The InsightLA teachers, facilitators, office team and board came together for training around diversity, equity, and inclusivity two Saturdays ago. Our organization has been working to transform our sangha from a mainly white heterosexual community to a place where people across differences can feel as though they truly belong. This is not an easy process. As with any transformation, it is messy and difficult, but also hopeful.
As a white HIV positive gay cis-gender man, I personally have been waking up to the various privilege that I possess. Over the last several years, it’s become more clear to me that my maleness and whiteness has afforded me a multitude of advantages. I also see how my gayness affords me privilege within the queer spectrum. At the same time, I’ve been waking up to the internalized oppression and marginalization that comes with being queer and HIV positive in a heteronormative culture. Both of these things are true. I have privilege – and I’m oppressed.
During that Saturday training, the facilitator asked each of us: What makes our heart sing? What brings us joy?
The first thing that popped into my head was the big rainbow flag hanging in the window of our center for Pride month! It dawned on me just how queer InsightLA has become in the last couple of years. To begin with, I’m the executive director, and – I’m gay. Our board chair is gay. Our director of programming is a gay trans man. Our digital communications manager is a lesbian, nine of our teachers and facilitators identify under the LGBTQ+ umbrella. We have a Queer Mindfulness affinity group and a Transgender affinity group. This fall we’ll be hosting the first-ever transgender Insight Meditation residential retreat at the Big Bear Retreat Center. And, next year we have an LGBTQ+ residential retreat scheduled.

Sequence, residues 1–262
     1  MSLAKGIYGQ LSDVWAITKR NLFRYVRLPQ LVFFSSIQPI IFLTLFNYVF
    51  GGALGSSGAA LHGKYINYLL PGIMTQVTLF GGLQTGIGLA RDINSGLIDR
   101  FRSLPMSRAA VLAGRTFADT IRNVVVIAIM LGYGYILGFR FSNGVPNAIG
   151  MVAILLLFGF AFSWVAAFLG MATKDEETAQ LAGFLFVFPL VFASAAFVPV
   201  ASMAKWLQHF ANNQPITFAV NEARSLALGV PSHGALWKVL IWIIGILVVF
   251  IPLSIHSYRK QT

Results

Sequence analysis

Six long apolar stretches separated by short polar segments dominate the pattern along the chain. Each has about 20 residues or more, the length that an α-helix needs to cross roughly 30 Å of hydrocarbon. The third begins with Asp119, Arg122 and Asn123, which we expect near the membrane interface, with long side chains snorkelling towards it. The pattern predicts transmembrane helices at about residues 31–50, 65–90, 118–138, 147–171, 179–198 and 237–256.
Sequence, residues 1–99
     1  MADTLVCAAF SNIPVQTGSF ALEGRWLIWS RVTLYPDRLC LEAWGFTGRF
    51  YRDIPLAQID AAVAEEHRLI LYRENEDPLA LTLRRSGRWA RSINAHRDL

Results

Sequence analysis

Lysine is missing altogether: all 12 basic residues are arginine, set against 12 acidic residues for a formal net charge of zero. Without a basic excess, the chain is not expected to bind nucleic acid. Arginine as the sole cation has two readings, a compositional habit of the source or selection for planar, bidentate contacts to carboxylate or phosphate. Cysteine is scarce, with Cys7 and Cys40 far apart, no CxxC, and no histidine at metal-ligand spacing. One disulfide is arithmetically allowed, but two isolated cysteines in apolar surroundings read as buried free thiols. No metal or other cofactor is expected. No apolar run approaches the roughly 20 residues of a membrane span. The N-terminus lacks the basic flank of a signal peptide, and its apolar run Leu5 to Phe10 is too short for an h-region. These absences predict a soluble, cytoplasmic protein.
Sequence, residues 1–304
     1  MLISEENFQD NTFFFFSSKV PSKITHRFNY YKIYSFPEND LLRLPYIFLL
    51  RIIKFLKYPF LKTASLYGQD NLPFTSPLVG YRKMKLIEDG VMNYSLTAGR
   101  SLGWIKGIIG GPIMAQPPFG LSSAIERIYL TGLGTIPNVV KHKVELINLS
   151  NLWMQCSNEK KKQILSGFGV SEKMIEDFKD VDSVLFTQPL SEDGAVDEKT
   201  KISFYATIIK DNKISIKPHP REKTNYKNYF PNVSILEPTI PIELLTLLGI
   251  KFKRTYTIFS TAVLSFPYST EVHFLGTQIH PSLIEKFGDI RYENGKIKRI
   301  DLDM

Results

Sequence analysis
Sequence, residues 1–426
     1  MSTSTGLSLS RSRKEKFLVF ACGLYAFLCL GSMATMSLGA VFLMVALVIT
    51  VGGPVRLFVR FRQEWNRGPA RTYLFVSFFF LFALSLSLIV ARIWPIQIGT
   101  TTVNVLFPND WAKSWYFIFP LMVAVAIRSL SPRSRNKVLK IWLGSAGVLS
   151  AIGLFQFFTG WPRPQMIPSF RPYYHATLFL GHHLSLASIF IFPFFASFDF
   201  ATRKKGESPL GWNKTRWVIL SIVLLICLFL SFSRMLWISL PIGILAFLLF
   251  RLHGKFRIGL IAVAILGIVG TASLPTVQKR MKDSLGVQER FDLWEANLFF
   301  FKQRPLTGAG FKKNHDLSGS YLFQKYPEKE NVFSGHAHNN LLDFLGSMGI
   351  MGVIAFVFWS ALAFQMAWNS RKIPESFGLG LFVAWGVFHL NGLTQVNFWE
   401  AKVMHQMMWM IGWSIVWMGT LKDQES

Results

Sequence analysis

I believe the Dharma has the capacity to heal the wounds of homophobia. I see this happening within myself. The shame that I’ve carried since childhood is beginning to metabolize. When the deep trauma of feeling different, of not belonging, of being broken, the sense of unworthiness that has operated unconsciously for so long, surfaces, I now have more capacity to recognize it, hold it, care for it, and let it go.
It’s here in all the pieces of my shame
That now I find myself again.
—Rainer Maria Rilke
I am not those pieces of shame. I know in my bones that I’m so much bigger than that. I’m fortunate to have a community of straight allies and accomplices along with all the queer folks at InsightLA to walk this path with me. This is what transformation looks like. Happy Pride!